Set in New York City’s modern whirl of fashion and publishing, “The Women” tells the story of Mary Haines (Meg Ryan), a clothing designer who seems to have it all – a beautiful country home, a rich financier husband, an adorable 11-year-old daughter and a part-time career creating designs for her father’s venerable clothing company. Her best friend, Sylvie Fowler (Annette Bening), leads another enviable life – a happily single editor of a prominent fashion magazine, a possessor of a huge closet of designer clothes and a revered arbiter of taste and style poised on New York’s cutting edge. But when Mary’s husband enters into an affair with Crystal Allen (Eva Mendes), a sultry ‘spritzer girl’ lurking behind the Saks Fifth Avenue perfume counter, all hell breaks loose. Mary and Sylvie’s relationship is tested to the breaking point while their tight-knit circle of friends, including mega-mommy Edie Cohen (Debra Messing) and author Alex Fisher (Jada Pinkett-Smith), all start to question their own friendships and romantic relationships as well.
I have a whole litany of complaints about this film, and I could easily write multiple pages on what I disliked about “The Women.” However, I will assume that if you’re reading this review, you probably want to know whether this film is appropriate for pre-teen and teen girls. Based upon Dove’s standards for language and sexual content, we cannot recommend “The Women” for family viewing, even for ages twelve and older.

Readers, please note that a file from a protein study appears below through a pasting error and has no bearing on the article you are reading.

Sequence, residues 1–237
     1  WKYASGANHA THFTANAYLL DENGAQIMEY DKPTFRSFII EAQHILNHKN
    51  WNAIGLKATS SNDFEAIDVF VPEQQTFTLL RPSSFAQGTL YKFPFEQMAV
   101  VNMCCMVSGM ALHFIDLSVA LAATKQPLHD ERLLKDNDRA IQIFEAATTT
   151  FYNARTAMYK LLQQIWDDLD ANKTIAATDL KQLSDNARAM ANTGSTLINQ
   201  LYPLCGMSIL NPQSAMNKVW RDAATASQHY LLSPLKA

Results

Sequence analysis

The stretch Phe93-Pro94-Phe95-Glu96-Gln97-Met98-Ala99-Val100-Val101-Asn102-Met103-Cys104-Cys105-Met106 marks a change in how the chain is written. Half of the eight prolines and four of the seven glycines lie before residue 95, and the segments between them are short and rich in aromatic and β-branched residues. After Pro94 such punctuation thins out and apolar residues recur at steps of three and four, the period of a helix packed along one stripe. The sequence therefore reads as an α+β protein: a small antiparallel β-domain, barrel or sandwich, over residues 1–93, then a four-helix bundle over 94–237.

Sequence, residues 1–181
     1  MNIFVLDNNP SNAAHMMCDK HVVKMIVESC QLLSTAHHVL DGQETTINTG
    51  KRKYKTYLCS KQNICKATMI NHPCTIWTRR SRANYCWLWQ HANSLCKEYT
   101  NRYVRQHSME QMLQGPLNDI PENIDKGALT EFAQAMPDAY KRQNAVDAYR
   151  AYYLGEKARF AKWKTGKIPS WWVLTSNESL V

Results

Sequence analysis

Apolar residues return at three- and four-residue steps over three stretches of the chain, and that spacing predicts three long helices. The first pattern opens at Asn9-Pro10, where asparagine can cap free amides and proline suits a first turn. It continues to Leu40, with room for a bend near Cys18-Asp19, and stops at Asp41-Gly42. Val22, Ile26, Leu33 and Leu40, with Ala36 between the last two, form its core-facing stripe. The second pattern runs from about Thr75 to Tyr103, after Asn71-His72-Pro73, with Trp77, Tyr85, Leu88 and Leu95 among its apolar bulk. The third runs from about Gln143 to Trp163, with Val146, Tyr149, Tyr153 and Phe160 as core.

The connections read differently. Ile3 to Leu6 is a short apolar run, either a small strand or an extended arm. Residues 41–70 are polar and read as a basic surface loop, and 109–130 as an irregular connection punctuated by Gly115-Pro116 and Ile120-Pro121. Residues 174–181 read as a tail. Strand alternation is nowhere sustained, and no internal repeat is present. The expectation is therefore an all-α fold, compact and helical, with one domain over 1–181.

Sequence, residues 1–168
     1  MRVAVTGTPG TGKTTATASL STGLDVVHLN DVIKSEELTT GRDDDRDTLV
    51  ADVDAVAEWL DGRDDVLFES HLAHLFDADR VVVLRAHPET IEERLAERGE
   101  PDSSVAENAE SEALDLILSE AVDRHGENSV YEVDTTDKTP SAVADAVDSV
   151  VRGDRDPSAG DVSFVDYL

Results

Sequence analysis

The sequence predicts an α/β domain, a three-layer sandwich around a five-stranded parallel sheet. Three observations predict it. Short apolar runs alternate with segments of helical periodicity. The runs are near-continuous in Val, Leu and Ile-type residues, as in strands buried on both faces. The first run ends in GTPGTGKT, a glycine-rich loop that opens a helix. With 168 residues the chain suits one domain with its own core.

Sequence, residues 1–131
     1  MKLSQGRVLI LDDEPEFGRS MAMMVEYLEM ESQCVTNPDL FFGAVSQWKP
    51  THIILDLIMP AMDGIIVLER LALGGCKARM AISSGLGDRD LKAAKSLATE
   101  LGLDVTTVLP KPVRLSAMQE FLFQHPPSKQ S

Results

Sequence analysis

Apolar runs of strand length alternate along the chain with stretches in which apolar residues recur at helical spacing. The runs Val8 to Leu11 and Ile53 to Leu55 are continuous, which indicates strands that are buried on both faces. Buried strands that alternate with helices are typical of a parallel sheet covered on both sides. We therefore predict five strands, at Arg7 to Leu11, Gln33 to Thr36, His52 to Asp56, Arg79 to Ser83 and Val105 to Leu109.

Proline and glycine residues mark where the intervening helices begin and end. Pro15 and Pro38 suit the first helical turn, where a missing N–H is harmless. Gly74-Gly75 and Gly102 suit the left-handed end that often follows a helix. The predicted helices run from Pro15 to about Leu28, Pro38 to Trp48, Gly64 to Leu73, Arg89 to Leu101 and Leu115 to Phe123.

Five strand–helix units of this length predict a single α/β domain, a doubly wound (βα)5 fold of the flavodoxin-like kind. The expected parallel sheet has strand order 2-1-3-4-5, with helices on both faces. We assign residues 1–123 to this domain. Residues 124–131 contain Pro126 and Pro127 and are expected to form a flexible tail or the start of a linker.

I believe “The Women” is supposed to be about female friendship. What it is actually about is a certain lifestyle, one that most people cannot relate to. The movie centers around a group of upper-crust New Yorkers get manicures and go shopping at Saks Fifth Avenue. There is some attempt to weave a story line into a seemingly endless sequence of scenes portraying shopping, pampering, gossiping and socializing. But not surprisingly, that attempt fails pretty miserably, and consequently the 114 minutes drag on agonizingly.
Most of the jokes fall completely flat, because their subject matter just isn’t funny. For example, a 60 year old woman in great pain, with her face wrapped in bandages after plastic surgery because she wants to look younger isn’t funny, it’s sad. The main characters are clearly obsessed with appearances – looking young and beautiful and owning luxurious clothes, shoes, handbags, cars, and the list goes on. Product placement is rampant throughout the film; half the movie feels like an advertisement for various items, most notably skincare products, Lexus automobiles, and Louis Vuitton handbags.
The irony is that one character’s pre-teen daughter talks about her own obsession with her appearance, how she wants to look like the models in magazines, and even says that she smokes cigarettes to curb her appetite. The mom seems somewhat dismayed by this, but not nearly as much as she should be. That same mother then designs her own line of clothing, and her smiling daughter attends the fashion show and watches extremely thin models saunter up and down the catwalk in her mother’s dresses. The filmmakers treat the issues of the pre-teen girl’s feelings lightly, and then seem to dismiss them altogether as being irrelevant – not my idea of a good film for or about women. Due to the aforementioned content issues, we are unable to award this film our Dove “Family-Approved” Seal.